Nikolaus Harnoncourt (1929-2016)

Without Harnoncourt, we wouldn’t have had this: Dorothea Röschmann (Vitellia) and Vesselina Kasarova (Sesto) in Mozart’s “La clemenza di Tito”, Salzburg 2003, conducted by Nikolaus Harnoncourt.

Without Harnoncourt, we would listen to Early Music differently than we do, mainly because it would be played differently.
We would have much less Early Music to listen to in the first place, because Harnoncourt was central to the early days of Historically Informed Performance Practice, and a tireless champion of Baroque music.

We have been talking a lot about Baroque rhetorics in the last few days: he was one of the people who promoted thinking about it in a pre-romantic manner. Perhaps others with less privilege remain unjustly unnamed, but that does not take away from the fact that he was important in making Early Music be heard again, and be considered from a historical perspective.

2 thoughts on “Nikolaus Harnoncourt (1929-2016)”

  1. I can recall when Baroque was still widely performed on the evident assumption that it should all sound like Bach, with the more-or-less explicit promise that authenticity would be good for the audience.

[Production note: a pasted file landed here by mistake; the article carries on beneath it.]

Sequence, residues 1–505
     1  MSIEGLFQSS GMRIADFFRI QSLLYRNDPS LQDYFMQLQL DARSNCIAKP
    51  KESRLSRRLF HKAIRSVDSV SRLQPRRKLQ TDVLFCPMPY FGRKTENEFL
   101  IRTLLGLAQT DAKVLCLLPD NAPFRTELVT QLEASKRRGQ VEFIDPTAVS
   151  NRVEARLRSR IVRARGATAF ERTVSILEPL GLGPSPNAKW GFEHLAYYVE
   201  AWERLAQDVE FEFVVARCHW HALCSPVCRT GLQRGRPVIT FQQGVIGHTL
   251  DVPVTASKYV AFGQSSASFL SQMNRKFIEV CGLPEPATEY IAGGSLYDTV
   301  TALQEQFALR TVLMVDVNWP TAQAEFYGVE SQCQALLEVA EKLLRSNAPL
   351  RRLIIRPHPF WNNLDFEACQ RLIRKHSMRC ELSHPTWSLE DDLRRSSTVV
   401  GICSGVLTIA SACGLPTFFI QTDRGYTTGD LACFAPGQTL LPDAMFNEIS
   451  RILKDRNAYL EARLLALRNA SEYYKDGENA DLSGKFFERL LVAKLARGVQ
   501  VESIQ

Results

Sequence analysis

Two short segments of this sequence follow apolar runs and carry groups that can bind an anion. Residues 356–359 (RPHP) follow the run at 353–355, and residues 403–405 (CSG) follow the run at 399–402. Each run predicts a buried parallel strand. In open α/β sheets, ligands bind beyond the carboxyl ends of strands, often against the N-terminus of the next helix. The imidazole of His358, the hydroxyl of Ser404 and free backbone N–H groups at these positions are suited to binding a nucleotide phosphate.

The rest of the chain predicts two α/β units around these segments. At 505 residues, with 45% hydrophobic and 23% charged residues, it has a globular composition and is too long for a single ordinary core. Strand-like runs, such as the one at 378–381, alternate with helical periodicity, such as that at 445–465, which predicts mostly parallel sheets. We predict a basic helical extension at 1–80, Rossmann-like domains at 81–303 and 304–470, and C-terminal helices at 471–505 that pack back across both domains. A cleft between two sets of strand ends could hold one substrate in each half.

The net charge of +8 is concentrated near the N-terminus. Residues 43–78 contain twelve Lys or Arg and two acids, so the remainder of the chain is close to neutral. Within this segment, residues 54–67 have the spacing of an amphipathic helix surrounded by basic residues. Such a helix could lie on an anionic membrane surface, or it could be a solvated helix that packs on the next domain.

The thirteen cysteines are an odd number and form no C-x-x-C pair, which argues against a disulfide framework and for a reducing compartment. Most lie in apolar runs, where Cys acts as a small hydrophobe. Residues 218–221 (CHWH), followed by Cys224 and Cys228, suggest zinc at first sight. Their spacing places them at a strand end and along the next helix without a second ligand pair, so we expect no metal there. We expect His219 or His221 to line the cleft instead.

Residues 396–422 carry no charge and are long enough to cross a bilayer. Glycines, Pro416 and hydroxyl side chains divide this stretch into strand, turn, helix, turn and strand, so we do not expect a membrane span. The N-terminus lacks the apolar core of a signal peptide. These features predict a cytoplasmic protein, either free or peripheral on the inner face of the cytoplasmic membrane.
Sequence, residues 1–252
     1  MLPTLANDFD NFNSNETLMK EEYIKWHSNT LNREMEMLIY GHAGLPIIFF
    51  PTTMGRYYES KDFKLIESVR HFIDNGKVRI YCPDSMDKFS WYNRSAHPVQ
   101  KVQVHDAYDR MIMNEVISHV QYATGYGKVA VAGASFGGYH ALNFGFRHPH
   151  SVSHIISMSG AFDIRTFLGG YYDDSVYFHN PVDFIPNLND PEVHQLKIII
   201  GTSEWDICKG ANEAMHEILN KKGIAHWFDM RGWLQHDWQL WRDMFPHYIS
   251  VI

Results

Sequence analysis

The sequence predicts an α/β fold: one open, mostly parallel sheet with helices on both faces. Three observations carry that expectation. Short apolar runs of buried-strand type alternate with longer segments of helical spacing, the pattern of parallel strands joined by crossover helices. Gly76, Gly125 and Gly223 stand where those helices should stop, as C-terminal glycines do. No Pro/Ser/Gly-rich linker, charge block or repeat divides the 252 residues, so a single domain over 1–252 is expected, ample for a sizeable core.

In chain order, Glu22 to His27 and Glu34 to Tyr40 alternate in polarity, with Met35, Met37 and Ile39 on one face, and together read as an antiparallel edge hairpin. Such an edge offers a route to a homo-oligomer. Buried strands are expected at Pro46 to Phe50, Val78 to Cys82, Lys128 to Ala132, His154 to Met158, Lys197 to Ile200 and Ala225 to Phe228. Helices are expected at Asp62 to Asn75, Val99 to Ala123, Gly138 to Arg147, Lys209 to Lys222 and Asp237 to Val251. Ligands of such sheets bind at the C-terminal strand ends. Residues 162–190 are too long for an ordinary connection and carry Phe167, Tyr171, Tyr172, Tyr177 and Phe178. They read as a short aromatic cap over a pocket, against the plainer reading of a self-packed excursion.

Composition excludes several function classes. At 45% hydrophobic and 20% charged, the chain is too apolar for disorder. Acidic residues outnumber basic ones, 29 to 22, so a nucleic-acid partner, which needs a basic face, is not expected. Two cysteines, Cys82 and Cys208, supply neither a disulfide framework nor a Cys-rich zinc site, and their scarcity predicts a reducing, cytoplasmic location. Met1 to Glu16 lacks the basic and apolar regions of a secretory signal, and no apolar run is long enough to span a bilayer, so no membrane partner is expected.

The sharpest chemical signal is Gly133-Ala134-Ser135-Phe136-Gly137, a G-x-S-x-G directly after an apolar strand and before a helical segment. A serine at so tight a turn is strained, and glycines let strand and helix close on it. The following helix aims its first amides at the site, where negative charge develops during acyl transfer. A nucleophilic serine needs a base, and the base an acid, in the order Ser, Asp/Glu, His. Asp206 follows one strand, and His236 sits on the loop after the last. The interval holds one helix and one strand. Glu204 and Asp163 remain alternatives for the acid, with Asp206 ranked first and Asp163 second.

Harnoncourt made it fun: dramatic, exciting, surprising, colorful, complicated fun. That was a revelation. I saw his and Ponnelle’s Poppea in the early 1980s, and I remember it vividly, because that’s what it was–vivid.
    He set a standard that everyone since has had to meet, one way or another. For that, and for the performances, he deserves praise and gratitude.


    1. complicated fun, that’s it.
      Easy glorification is something that I distrust, and I don’t think it would be true to the detail work and the continued questioning that was trademark of Harnoncourt’s approach.
      His work could make me listen to a piece of music I thought I knew well, only to realize that I did not know it at all. He always amde me listen up: even when I puzzled over a tempo choice, there was always a well-thought choice behind it.
      But even bigger than all this is likely is impact of influencing and inspiring others, of making us approach Broque music not with late romanticist condescension any longer, an that misguided notion that it’s unsexy sound for purists, but it isn’t fun, or – touse your word – vivid. We can look at things the other way around now: approach Classic and Romantic repertory through a lens of historically informed performance, and that may be the most important shift at all. Think of Hanroncourt’s own “Aida” (Aida, of all operas!!), think of Minkowski doing Mozart and Offenbach, think of Bartoli’s take on “Norma”.
      A great conductor and musician: that is one thing. Changing the way we think about music: that is another, and it is, to me, even more remarkable.


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